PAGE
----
Custom HTTP headers with GitHub pages

September 14, 2018

At some point when I was developing my new homepage I ran into an issue with GitHub Pages. What I wanted, was to follow security best practices, and serve OWASP recommended Security Headers. Unfortunatelly, it looks like GitHub Pages does not support setting anything like this, which is kinda dissapointing. But hey! We are re developers, and we love to solve problems!

And sure I did - with a help of a small chunk of third party services.


To make this work you would need:

  • A custom domain name - it is not mandatory, but strongly recommended - otherwise you would end up with * url to your page. You can get one for free at however I strongly encourage you to buy proper one - it's not that expensive, and looks way better.
  • Cloudflare account - it's only necessary when you want to use a custom domain, otherwise you can skip it. Their free plan is excellent, covers all our needs and as bonus, provides free SSL out of the box.
  • Heroku account - this is where all the magic happens.
  • UptimeRobot account - or pingdom, or any other service which checks if your site is alive in short time intervals. It's not mandatory, but helps us avoid some heroku limitations.
  • GitHub account - obviously.

A guide

Step 1: Create your GitHub page

This is pretty obvious, as this is the whole point of this guide. Create a page and deploy it to GitHub. Don't forget to configure the custom domain on GitHub side. Few things to remember:

  • The configured domain should be YOUR domain, not heroku or github.
  • Important! This setup needs to use a CNAME record set for heroku app, which can't be set on a root domain. Which means, we need GitHub to force redirection to that record. I'm using www. in this example, which means, you should set the domain on GitHub side to
  • Don't worry about DNS settings yet.
  • If you don't want to use a custom domain, then you need o set it up to

Step 2: Create the custom HTTP reverse proxy on heroku

This is the place where we add our custom headers. We'll leverage the power of heroku custom buildpacks. What we need, is a nginx reverse proxy with one purpose only - route all traffic back and forth to our GitHub page, and append extra information (which are our headers) to response.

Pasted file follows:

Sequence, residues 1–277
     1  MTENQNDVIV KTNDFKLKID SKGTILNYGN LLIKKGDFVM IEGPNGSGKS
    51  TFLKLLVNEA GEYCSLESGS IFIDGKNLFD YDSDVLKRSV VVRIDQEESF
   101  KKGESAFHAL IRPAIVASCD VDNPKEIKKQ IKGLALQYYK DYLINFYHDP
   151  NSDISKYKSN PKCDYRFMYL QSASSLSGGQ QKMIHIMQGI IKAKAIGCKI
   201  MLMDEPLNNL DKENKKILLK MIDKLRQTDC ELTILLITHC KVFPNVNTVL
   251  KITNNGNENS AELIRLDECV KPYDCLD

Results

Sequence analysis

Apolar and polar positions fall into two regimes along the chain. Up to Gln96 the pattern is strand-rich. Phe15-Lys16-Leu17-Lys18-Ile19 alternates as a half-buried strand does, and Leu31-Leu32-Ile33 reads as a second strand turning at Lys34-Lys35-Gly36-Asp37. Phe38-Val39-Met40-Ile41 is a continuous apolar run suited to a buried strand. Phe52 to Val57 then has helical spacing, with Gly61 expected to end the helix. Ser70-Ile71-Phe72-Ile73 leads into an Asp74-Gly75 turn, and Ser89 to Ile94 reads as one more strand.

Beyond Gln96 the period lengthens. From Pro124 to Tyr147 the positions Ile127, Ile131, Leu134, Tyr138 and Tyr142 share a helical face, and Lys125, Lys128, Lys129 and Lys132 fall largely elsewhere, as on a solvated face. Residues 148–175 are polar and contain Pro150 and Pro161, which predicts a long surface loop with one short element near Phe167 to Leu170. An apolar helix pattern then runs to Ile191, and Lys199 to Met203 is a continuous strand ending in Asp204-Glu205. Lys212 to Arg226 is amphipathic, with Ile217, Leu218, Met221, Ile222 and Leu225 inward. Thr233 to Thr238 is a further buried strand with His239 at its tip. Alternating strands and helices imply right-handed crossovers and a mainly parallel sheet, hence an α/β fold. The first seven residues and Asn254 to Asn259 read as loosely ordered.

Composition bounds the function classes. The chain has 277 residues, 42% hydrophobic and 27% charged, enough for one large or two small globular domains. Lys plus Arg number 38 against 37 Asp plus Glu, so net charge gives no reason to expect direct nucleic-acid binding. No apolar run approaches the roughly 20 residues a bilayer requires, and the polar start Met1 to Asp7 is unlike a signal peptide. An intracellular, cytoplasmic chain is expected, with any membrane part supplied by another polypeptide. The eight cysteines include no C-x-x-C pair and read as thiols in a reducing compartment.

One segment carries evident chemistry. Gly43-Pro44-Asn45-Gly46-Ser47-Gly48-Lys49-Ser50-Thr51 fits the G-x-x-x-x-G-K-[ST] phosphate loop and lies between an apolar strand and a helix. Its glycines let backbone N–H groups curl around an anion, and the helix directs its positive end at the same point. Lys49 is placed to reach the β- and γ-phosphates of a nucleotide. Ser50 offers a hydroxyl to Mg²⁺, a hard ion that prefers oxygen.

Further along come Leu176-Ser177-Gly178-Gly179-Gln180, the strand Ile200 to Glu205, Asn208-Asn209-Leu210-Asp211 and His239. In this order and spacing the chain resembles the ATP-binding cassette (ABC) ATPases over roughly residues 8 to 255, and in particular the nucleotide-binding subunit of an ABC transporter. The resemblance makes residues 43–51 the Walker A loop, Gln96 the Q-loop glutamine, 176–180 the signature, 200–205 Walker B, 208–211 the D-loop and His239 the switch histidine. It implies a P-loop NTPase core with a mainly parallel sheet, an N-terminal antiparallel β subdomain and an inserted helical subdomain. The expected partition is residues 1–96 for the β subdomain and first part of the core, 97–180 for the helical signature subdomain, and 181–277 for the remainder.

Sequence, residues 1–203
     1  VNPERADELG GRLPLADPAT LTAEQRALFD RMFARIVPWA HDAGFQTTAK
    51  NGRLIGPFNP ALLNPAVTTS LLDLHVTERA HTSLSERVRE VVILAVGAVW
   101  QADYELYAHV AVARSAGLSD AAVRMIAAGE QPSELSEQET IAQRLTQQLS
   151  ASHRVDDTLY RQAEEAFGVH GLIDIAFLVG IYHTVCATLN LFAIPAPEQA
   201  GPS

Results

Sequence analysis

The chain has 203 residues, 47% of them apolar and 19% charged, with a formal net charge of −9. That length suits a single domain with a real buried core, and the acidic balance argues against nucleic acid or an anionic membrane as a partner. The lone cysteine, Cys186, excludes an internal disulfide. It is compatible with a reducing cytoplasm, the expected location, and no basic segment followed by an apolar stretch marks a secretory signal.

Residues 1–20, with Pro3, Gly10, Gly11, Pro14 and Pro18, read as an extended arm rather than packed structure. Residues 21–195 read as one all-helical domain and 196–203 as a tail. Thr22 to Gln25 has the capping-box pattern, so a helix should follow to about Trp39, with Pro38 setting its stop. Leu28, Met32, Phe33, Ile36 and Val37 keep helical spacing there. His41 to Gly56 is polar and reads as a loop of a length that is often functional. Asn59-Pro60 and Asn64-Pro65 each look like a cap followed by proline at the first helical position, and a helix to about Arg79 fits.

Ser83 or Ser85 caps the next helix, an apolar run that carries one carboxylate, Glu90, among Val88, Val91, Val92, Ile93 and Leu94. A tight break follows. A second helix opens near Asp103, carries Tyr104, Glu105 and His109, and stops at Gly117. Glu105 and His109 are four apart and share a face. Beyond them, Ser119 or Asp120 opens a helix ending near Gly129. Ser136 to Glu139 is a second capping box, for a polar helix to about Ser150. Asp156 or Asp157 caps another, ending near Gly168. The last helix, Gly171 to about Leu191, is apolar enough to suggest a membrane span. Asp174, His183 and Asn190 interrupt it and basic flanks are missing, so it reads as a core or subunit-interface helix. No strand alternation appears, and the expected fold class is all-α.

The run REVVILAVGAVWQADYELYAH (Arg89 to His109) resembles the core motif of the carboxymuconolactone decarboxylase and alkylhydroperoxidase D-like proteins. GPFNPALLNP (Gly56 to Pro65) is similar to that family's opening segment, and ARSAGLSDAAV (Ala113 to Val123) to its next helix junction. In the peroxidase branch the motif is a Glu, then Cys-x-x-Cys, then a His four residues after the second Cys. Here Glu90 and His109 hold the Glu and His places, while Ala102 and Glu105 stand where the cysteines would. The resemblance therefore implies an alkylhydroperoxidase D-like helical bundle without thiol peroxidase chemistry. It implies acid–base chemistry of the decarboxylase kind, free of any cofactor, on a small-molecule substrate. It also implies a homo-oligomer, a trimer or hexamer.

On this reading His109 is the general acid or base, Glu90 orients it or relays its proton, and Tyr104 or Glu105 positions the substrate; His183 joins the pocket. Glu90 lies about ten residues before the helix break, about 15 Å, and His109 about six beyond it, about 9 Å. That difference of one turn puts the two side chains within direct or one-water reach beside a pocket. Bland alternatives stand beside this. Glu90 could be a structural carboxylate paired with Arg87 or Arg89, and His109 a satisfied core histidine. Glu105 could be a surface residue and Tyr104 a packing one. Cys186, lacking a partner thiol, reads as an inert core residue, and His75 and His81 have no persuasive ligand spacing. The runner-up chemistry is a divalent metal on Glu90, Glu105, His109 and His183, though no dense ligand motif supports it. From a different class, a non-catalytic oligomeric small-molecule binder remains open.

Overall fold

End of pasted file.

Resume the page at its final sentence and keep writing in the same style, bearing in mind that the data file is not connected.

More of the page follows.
Fortunatelly, I already did most of the work and created a buildpack just for that. All you need to do is add it to your app and properly configure it. Let's do this!

Create a heroku app

You need a heroku CLI installed and configured. If you have never used heroku before, please refer to the documentation on how to do this. On OSX it's as easy as:

brew install heroku/brew/heroku && heroku login

After that you need to create a custom heroku app (the most basic one is free of charge) and attach custom buildpack to it.

The buildpack would do all the job for you, however, to trigger it, some "application" needs to be deployed. It doesn't really matter what you put there, as the buildpack would never reach it. So add a file, push it to heroku and you're good to go.

mkdir my-heroku-app && cd my-heroku-app
git init
heroku apps:create --buildpack <name-of-your-heroku-app>
touch .keep
git add -A && git commit -m 'Initial commit'
heroku git:remote --app name-of-your-heroku-app
git push heroku master

Configure GitHub page URL

First of all, you need to tell the buildpack, where to route the whole traffic. You can do this by setting ROUTE_TO_URL environment variable. You can even use a path here, so you can have a root domain pointing to custom GitHub project - you don't have to create one!

heroku config:set ROUTE_TO_URL=
# or just
heroku config:set ROUTE_TO_URL=

Configure headers

The most sane configuration of the headers is already included in the buildpack, however you can customize it any way you like, using the environment variables. The format is HTTP_YOUR_HEADER_UNDERSCORED. For example: X-Frame-Options becomes HTTP_X_FRAME_OPTIONS. You can set it, using the following command: